Cologne Conference to honor David Simon
'Treme' bows in Europe at German TV festIn the detritus of reality TV, Fox News and lowest-common-denominator sitcoms, the small screen work of David Simon shines likes a hard-edged diamond. By defying -- or simply ignoring -- the commercial demands of television fiction, the creator and head writer of HBO's "The Wire," "Generation Kill" and "Treme" has carved out a niche of smart, challenging work that defies conventions of both traditional narrative and economic necessity.
"I'm in television by accident," Simon acknowledges. "My interest is in having a dialectic, maybe even an argument, about the status quo. That's what I'm interested in. That's why I'm doing this. The point is not entertainment."
"Treme," Simon's latest series, is set in New Orleans in the wake of Hurricane Katrina. Critically lauded after its U.S. debut in April, "Treme" will have its European premiere at German TV fest the Cologne Conference (Sept. 26-Oct. 1). But for Simon, the only audience that matters is in the Big Easy.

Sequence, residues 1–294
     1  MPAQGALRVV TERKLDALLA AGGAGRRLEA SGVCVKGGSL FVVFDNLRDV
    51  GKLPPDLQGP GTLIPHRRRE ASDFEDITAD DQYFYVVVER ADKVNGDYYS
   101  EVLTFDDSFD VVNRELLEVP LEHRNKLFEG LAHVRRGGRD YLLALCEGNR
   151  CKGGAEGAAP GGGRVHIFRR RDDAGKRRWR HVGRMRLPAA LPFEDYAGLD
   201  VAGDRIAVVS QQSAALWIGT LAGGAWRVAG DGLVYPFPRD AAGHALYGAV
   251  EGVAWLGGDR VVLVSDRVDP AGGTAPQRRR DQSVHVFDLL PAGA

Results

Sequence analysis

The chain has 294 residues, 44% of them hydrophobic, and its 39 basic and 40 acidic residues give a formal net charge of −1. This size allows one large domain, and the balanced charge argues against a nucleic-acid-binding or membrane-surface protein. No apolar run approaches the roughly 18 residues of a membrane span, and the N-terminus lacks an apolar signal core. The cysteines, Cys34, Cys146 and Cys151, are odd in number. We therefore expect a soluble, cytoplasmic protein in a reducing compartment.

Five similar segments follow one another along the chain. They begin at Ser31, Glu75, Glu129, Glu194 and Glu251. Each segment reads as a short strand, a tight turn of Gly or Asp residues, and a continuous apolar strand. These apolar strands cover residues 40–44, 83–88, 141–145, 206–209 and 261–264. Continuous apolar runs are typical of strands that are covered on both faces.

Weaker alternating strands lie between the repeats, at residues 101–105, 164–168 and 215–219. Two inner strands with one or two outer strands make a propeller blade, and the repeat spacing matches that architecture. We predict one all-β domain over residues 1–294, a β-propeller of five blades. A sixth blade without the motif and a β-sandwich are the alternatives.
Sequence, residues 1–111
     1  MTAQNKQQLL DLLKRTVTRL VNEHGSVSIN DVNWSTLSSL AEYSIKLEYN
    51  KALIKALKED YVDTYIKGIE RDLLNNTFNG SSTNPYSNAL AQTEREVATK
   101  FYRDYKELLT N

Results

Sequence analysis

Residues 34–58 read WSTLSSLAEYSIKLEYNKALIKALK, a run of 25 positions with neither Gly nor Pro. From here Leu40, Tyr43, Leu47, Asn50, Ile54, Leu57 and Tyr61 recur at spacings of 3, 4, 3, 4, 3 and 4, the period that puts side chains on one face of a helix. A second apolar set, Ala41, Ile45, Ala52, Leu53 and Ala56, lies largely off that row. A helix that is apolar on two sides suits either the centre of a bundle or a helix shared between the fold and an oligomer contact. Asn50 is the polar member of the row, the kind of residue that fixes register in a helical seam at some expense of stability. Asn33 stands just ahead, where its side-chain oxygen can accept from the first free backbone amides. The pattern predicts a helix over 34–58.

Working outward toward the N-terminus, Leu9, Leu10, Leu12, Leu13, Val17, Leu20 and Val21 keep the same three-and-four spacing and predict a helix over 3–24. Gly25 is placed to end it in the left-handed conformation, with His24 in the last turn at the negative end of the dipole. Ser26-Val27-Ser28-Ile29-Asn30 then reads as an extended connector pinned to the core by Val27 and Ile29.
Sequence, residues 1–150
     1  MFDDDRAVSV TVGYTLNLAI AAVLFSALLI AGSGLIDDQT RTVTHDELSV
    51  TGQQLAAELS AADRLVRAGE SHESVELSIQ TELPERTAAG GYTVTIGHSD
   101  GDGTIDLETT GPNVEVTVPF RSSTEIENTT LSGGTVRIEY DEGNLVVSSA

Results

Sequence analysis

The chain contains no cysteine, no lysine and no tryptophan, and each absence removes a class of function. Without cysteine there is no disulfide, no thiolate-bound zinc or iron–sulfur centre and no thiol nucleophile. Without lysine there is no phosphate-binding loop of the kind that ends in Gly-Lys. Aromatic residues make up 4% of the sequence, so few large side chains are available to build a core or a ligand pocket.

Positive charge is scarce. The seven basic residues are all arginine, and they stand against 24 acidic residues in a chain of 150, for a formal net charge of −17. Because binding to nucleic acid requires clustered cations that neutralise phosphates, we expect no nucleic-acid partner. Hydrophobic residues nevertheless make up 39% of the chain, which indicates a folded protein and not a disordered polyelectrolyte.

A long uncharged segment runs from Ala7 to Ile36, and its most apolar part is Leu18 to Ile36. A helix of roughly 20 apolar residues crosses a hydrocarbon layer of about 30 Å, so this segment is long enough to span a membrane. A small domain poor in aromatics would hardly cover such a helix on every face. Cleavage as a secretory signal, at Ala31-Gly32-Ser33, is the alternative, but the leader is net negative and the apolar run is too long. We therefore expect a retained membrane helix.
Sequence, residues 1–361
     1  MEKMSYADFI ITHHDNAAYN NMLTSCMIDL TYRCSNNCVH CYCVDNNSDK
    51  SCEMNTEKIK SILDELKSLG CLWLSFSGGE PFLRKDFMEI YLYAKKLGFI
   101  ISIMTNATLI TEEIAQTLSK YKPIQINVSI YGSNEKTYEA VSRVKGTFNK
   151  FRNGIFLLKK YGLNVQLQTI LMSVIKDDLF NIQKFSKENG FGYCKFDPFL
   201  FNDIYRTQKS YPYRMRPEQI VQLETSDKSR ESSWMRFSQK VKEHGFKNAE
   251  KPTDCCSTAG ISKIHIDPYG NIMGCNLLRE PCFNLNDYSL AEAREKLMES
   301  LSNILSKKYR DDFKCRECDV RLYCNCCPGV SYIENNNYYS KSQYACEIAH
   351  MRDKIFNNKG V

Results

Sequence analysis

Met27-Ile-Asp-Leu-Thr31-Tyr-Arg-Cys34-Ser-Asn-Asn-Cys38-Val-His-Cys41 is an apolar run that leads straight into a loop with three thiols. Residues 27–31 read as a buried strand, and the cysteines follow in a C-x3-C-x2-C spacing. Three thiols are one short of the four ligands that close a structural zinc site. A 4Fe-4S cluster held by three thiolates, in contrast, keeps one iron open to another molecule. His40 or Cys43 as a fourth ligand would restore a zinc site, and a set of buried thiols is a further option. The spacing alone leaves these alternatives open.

"When I wrote 'Generation Kill,' I wrote it for recon Marines that went into Iraq," he says. "For 'Treme,' the only opinion that counts is that of the people that have lived through the events that I describe. [Co-creator] Eric Overmyer has lived here for a couple of decades. And we hired committed New Orleans writers. We didn't hire from the industry and then ask them to set their s*** in New Orleans."
Simon, along with the writers and creators of "The Sopranos" and "Mad Men," is often cited in editorials proclaiming a new golden age of television. But the writer is more prosaic. After a 13-year career as a crime reporter in Baltimore, Simon is sufficiently cynical about the extent to which journalism, or art, can change the world.
"I would love it if after five seasons (of 'The Wire'), we'd come to a national consensus and see that the war on drugs is a massive fraud and a waste of money," he says. "But I know I don't have any control over that. All I want is to come to the campfire with a story that's worth telling and to tell that story in a way that is true, or as close an approximation of the truth as possible. With an issue that we ought -- we need -- to connect with."